I think we've already mentioned our ongoing interest in the intriguing Yayoi Kusama, who is amazing as well as literally crazy (she voluntarily lives in a mental institution outside Tokyo). She was giving Warhol a run for his money for a while back in the late 50s in NYC. She calls herself the Princess of Polka Dots and does stuff like this:

But she's especially known for these:

As is common with Japanese artists, she wasn't recognized for her greatness in Japan until she was already well recognized by the West. It wasn't until 2006 that Japan gave her the Praemium Imperiale recognizing her as one of the most important living artists (she was also the first woman to receive this 2006!!). She once sold a piece for $5.1 million, which is a record for a living female artist. Not bad for some one who has struggled with mental illness all their life. Anyways, I found it interesting recently when I went to her website and discovered this:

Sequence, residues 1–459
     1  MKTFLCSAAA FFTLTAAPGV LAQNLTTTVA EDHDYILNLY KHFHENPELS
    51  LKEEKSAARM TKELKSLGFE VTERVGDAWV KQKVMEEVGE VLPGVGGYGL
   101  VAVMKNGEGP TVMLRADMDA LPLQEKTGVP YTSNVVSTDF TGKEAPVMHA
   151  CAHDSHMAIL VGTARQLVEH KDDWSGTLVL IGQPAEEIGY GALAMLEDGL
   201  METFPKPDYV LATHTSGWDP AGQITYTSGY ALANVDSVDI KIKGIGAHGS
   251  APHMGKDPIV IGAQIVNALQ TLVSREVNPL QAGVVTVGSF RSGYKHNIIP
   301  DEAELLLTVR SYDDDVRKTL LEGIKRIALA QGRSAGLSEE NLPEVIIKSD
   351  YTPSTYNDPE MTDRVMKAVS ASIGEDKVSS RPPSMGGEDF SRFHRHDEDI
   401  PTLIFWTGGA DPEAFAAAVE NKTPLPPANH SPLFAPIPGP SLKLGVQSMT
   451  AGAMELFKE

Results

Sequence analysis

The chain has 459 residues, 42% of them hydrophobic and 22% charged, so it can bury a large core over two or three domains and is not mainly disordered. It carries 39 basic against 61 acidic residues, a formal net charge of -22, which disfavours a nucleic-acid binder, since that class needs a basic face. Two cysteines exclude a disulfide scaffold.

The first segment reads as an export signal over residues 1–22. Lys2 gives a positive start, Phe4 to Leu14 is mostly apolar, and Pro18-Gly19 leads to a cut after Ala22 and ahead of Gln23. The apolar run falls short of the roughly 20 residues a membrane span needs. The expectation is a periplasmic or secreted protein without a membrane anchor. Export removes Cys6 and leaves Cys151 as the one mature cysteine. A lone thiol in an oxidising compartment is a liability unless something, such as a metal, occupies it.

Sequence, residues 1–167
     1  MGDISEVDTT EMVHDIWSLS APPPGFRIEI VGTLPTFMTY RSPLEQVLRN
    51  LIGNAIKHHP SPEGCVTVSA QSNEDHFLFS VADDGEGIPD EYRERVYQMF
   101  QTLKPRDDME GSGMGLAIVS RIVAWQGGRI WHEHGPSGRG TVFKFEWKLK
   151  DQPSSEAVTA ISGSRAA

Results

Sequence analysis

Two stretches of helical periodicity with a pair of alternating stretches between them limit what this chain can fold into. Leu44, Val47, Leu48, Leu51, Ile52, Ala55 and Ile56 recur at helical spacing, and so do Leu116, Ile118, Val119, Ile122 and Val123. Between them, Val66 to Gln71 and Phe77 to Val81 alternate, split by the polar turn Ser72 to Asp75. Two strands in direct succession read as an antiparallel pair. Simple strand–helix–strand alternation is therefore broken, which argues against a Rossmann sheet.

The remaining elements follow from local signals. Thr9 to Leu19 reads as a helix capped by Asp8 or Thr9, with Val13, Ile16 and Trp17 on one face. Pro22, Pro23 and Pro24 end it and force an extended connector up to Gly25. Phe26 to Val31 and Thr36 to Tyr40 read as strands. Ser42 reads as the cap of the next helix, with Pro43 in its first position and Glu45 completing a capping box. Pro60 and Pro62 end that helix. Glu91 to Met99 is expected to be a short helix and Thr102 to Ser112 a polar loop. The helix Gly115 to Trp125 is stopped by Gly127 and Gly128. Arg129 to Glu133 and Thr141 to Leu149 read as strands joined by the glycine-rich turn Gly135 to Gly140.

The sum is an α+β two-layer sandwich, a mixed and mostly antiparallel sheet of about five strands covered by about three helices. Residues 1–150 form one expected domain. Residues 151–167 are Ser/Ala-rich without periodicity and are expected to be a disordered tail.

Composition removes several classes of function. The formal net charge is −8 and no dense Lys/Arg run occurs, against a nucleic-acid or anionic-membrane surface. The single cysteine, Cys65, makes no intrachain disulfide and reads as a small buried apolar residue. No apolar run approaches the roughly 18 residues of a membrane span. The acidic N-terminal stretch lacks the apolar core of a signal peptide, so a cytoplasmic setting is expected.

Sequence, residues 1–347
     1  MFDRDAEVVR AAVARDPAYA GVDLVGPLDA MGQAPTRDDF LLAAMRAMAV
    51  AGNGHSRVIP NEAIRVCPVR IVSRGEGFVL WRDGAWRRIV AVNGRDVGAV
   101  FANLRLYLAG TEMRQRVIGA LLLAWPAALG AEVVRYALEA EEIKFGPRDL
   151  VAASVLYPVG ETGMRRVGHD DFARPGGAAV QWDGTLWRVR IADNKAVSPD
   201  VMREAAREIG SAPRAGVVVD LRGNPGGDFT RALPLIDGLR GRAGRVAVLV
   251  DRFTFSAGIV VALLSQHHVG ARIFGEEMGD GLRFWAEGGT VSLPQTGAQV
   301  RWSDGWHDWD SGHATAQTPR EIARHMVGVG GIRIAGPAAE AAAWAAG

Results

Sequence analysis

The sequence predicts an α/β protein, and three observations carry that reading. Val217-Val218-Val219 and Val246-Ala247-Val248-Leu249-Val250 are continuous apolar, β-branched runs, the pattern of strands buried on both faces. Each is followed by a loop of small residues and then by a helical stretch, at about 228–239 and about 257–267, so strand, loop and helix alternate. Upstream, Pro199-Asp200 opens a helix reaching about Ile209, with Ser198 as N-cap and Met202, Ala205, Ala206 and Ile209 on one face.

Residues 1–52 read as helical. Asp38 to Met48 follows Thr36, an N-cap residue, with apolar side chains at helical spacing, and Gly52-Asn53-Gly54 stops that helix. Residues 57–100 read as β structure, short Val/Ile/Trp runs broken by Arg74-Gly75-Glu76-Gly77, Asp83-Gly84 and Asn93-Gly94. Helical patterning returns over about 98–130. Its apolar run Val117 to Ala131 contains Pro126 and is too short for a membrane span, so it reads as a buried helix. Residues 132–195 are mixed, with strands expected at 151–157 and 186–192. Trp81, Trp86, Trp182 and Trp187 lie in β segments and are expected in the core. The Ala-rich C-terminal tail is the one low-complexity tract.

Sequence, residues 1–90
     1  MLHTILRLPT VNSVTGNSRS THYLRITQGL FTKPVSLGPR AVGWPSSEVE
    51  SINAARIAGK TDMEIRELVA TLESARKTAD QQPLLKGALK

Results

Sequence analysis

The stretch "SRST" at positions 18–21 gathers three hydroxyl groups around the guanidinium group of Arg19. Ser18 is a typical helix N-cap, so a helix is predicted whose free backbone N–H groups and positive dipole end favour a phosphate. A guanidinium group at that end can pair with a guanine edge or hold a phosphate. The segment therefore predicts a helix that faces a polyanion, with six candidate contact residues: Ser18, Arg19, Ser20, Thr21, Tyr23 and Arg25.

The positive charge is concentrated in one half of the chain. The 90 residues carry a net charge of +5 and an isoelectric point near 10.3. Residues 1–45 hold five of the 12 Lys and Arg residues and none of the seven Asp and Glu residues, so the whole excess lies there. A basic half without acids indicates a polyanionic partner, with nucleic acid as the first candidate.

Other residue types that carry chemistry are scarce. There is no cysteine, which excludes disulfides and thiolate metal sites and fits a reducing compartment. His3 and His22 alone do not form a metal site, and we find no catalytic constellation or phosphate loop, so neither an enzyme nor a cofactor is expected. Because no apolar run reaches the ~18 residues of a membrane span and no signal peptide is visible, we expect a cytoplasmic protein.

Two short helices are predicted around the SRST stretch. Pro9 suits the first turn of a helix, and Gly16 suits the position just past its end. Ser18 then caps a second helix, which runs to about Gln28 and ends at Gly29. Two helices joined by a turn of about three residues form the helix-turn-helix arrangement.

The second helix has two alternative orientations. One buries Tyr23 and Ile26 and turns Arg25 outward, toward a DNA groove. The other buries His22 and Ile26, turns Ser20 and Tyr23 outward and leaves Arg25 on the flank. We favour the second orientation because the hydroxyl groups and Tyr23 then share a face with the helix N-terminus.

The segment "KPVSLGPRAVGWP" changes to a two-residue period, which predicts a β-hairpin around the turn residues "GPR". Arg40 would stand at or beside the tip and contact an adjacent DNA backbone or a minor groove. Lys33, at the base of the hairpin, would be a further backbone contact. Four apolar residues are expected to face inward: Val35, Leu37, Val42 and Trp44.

She's posing with a cell phone and a purse that are bedazzled with her polka dots and are for sale. Moreover, she's quoted as saying, "This strange, joyout moment. I adore it. I love the 'iida' mobile phone deeply." Ok, so she's not known for her English skills. But isn't it kind of bizarre that she'd be pimping this stuff herself, on her own site? I mean, two years ago she sold something at Christie's for over $5 million - doesn't it cheapen her art a bit? Anyways, she's 81 years old. Would you buy a phone lauded by some one born before the 1930's?